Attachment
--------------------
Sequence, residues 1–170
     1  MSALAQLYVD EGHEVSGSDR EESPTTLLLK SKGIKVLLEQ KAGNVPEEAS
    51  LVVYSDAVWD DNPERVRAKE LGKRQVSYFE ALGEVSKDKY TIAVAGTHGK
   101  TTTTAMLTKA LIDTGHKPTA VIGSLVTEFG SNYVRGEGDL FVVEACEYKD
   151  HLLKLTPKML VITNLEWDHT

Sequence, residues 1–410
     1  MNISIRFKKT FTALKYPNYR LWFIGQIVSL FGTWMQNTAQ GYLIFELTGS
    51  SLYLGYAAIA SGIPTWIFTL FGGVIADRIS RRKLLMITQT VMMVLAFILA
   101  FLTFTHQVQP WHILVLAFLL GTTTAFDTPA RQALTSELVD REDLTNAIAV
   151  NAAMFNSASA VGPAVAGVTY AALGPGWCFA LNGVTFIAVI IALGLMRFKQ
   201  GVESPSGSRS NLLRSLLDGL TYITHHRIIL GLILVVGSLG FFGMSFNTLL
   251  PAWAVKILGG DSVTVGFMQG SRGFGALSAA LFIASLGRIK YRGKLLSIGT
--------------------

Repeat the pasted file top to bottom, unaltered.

Sequence, residues 1–170
     1  MSALAQLYVD EGHEVSGSDR EESPTTLLLK SKGIKVLLEQ KAGNVPEEAS
    51  LVVYSDAVWD DNPERVRAKE LGKRQVSYFE ALGEVSKDKY TIAVAGTHGK
   101  TTTTAMLTKA LIDTGHKPTA VIGSLVTEFG SNYVRGEGDL FVVEACEYKD
   151  HLLKLTPKML VITNLEWDHT

Sequence, residues 1–410
     1  MNISIRFKKT FTALKYPNYR LWFIGQIVSL FGTWMQNTAQ GYLIFELTGS
    51  SLYLGYAAIA SGIPTWIFTL FGGVIADRIS RRKLLMITQT VMMVLAFILA
   101  FLTFTHQVQP WHILVLAFLL GTTTAFDTPA RQALTSELVD REDLTNAIAV
   151  NAAMFNSASA VGPAVAGVTY AALGPGWCFA LNGVTFIAVI IALGLMRFKQ
   201  GVESPSGSRS NLLRSLLDGL TYITHHRIIL GLILVVGSLG FFGMSFNTLL
   251  PAWAVKILGG DSVTVGFMQG SRGFGALSAA LFIASLGRIK YRGKLLSIGT